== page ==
WATCH : Turtles return to the wild

WATCH : Turtles return to the wild
Mungo the Hawksbill sea turtle has been released at the Pass Byron Bay.
 IT WAS quite the spectacle down at the Pass, Byron Bay when Australian Seabird Rescue released two more endangered sea turtles after months of care. Crowds surrounded the volunteers as they brought out Jaimee the endangered Loggerhead and Mungo the critically endangered Hawksbill sea turtle. Projects and Research Manager of ASR Rochelle Ferris addressed the crowd about issues facing endangered sea turtles and individual impact on these beautiful marine parks. « We are here to raise the issues and remind people that we having critically endangered species in our backyard that we need to protect, » Ms Ferris said.

easily lucky pirate casino slots Both sea turtles were found stranded on local beaches between Ballina and the Grafton area more than 4 months ago and have since been treated at the sea turtle hospital in Ballina.

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Jaimee the Loggerhead sea turtle weighed only 37kgs and had an 80% barnacle load when she was found on the Richmond River on the December 15.

With only four and a half months in care Jaimee now weighs 51kgs on her release.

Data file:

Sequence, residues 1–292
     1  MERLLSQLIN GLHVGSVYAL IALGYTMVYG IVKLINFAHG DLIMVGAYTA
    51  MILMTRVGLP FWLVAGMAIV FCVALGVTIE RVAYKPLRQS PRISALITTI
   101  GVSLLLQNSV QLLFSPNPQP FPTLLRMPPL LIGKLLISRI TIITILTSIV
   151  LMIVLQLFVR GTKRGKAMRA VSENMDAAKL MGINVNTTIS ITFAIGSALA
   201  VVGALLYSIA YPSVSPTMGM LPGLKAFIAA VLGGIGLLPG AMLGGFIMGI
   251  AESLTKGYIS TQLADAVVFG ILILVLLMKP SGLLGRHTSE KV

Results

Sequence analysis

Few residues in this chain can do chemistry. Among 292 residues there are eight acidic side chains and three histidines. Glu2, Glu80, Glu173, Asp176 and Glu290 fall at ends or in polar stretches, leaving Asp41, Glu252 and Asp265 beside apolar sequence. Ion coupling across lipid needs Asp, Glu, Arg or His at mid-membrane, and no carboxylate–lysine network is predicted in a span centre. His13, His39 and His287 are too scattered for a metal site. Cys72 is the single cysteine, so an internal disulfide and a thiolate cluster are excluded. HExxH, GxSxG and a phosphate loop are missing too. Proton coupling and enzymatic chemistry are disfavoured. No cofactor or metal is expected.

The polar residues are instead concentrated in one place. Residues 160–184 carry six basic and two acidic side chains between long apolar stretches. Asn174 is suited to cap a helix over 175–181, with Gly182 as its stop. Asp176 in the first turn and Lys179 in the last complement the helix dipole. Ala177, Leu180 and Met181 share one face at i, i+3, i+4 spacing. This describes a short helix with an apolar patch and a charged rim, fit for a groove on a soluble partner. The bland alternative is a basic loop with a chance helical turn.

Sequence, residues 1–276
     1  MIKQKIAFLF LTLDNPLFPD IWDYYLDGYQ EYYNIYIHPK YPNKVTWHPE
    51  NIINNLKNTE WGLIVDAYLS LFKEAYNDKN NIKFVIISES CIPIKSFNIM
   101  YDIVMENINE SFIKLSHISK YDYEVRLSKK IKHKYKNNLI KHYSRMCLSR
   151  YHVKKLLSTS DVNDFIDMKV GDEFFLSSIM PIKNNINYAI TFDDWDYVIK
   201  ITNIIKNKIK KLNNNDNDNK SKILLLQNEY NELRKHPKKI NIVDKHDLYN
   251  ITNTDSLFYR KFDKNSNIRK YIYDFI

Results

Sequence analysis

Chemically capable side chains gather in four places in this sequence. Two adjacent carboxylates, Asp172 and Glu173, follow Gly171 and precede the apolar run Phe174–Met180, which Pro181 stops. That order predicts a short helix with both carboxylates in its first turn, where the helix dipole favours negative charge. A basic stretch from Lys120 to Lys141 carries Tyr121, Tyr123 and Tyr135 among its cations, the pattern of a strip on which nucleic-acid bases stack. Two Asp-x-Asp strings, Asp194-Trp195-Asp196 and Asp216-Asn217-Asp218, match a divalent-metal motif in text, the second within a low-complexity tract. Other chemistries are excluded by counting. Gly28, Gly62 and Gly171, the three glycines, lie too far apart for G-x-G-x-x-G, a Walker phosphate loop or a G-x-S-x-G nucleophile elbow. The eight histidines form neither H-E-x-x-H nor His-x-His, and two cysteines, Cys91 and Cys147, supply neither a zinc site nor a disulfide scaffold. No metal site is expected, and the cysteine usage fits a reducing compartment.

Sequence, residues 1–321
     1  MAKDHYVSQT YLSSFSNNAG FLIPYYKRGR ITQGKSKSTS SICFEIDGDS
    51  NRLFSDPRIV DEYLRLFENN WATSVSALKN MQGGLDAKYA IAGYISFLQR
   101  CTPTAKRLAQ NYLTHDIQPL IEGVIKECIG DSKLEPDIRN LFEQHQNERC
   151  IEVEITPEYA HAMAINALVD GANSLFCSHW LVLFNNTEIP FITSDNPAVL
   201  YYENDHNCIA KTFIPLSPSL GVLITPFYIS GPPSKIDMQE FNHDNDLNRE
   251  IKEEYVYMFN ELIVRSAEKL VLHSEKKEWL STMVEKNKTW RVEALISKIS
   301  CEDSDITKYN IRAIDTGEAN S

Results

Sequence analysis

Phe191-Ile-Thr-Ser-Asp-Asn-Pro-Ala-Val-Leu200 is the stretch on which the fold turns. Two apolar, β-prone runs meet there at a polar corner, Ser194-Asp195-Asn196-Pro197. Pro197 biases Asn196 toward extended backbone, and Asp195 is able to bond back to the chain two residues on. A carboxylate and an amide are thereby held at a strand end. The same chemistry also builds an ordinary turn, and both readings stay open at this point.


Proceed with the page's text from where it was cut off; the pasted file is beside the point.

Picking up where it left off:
The Hawksbill sea turtle Mungo was found on January 4 covered 100% in barnacles and only weighing 6.2kgs

Since his entry at the sea turtle hospital Mungo made a full recovery.


Volunteers helping with Mungo's release.
Volunteers helping with Mungo’s release.

Jaimee and Mungo are just two of the many sea turtles Seabird Rescue saves each year.

« We can rescue anywhere between 50 to 150 sea turtles in a one year period and that’s between Tweed Head and Grafton, » Ms Ferris said.

« We wanted to release the turtles in Byron to thank the Byron Shire Council for refusing shark meshing in their shire. Especially because it is the home of a beautiful marine park and we want to raise awareness with visitors and residents, that we do have these amazing species here that we want to protect. »